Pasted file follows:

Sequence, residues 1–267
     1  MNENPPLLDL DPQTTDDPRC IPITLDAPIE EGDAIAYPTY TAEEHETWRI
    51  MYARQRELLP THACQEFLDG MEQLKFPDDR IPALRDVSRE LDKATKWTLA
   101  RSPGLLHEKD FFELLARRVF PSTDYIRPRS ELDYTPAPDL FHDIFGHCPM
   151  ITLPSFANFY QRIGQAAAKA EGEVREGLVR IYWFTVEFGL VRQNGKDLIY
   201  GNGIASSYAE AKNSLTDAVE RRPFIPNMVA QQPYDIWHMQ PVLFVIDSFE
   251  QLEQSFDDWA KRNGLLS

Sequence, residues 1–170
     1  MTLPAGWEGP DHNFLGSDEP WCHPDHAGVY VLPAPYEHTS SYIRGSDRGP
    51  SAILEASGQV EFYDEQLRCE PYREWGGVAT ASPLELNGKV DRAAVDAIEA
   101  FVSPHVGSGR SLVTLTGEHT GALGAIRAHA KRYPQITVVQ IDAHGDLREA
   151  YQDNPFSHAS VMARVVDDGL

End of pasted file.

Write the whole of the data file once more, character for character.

Sequence, residues 1–267
     1  MNENPPLLDL DPQTTDDPRC IPITLDAPIE EGDAIAYPTY TAEEHETWRI
    51  MYARQRELLP THACQEFLDG MEQLKFPDDR IPALRDVSRE LDKATKWTLA
   101  RSPGLLHEKD FFELLARRVF PSTDYIRPRS ELDYTPAPDL FHDIFGHCPM
   151  ITLPSFANFY QRIGQAAAKA EGEVREGLVR IYWFTVEFGL VRQNGKDLIY
   201  GNGIASSYAE AKNSLTDAVE RRPFIPNMVA QQPYDIWHMQ PVLFVIDSFE
   251  QLEQSFDDWA KRNGLLS

Sequence, residues 1–170
     1  MTLPAGWEGP DHNFLGSDEP WCHPDHAGVY VLPAPYEHTS SYIRGSDRGP
    51  SAILEASGQV EFYDEQLRCE PYREWGGVAT ASPLELNGKV DRAAVDAIEA
   101  FVSPHVGSGR SLVTLTGEHT GALGAIRAHA KRYPQITVVQ IDAHGDLREA
   151  YQDNPFSHAS VMARVVDDGL